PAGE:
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# OCR A2 CHEMISTRY F324 and F325- 14th and 22nd June 2016- OFFICIAL THREAD watch

1. Any help with this?
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2. (Original post by tcameron)
Any help with this?
nN=m/Mr = 63.64/14 (Take % as being the mass because it is a ratio.) = 4.55mol nO=m/Mr = 100-63.64/16 = 36.36/16 = 2.27 mol

Hence, nN:nO = 2:1

Hence N2O.
3. (Original post by Timon512)
nN=m/Mr = 63.64/14 (Take % as being the mass because it is a ratio.) = 4.55mol nO=m/Mr = 100-63.64/16 = 36.36/16 = 2.27 mol

Hence, nN:nO = 2:1

Hence N2O.
I got that but the question also said about the density being 1.8333gdm-3 so would there need to be a conversion to find the Mr because I don't think N2O is the right answer

don't worry I've figured it out now, you had to x by 24 to find the Mr
4. (Original post by tcameron)
I got that but the question also said about the density being 1.8333gdm-3 so would there need to be a conversion to find the Mr because I don't think N2O is the right answer

don't worry I've figured it out now, you had to x by 24 to find the Mr
Multiply what by 24? Could you write your working out please? Why did you use V/24=N?
5. I can't believe how badly I've been taught redox and fuel cells

I need to go over it 100 times
6. (Original post by sunsri101)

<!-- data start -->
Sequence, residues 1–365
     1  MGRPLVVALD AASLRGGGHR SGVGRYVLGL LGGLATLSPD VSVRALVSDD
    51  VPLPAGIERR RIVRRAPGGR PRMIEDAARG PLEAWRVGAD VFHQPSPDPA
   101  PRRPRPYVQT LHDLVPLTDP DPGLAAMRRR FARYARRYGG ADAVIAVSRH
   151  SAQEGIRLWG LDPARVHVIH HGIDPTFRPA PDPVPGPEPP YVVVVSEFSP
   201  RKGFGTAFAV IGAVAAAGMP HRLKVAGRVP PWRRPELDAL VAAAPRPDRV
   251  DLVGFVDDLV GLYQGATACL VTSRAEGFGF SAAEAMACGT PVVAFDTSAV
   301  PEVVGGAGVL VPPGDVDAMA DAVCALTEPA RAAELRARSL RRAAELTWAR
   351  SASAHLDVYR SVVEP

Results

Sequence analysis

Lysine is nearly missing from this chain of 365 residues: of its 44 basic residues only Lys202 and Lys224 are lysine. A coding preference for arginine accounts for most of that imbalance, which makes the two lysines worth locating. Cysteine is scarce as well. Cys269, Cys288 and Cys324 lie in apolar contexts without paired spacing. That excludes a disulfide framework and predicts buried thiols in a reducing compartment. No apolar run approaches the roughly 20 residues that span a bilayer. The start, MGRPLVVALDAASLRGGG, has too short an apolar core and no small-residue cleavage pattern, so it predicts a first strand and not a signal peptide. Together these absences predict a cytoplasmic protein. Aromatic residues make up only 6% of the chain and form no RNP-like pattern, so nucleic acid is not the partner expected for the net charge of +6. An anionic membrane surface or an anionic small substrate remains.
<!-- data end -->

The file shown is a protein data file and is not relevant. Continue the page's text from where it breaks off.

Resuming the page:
But you do want electrons to move between the half cells. Current is the flow of charged particles, so if you want electrons to flow, surely you do want current?
And the solution concentrations do change over time, that's why batteries run out unless they are rechargeable- right?

Yes batteries run down because current has been allowed to flow.

Think about what you are measuring (emf) as a push from the cell. You need to measure the magnitude of that push by, in effect, pushing back using electrical resistance. If you resist enough, current will be negligible.

If you are ok with physics think about the resistance that an ammeter must have, because it goes in series to the other components, and the resistance a voltmeter must have because it goes parallel to the component you are measuring.

I will draw a picture and upload it.
7. Why is the conc of butanoic acid 0.1?

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8. (Original post by Serine Soul)
I can't believe how badly I've been taught redox and fuel cells

I need to go over it 100 times
Students find this hard because teachers do not explain the difference between voltaic and electrolytic cells.

http://chemwiki.ucdavis.edu/Core/Ana...s/Electrolysis
9. (Original post by itsConnor_)
Why is the conc of butanoic acid 0.1?

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the butanoic acid is in excess (0.0125 mol), whereas NaOH is 0.0025 mol.

So, moles of butanoic acid remaining= 0.0125-0.0025=0.01

conc of butanoic acid= 0.01/0.1=0.1 mol dm^-3
10. (Original post by TeachChemistry)
Yes batteries run down because current has been allowed to flow.

Think about what you are measuring (emf) as a push from the cell. You need to measure the magnitude of that push by, in effect, pushing back using electrical resistance. If you resist enough, current will be negligible.

If you are ok with physics think about the resistance that an ammeter must have, because it goes in series to the other components, and the resistance a voltmeter must have because it goes parallel to the component you are measuring.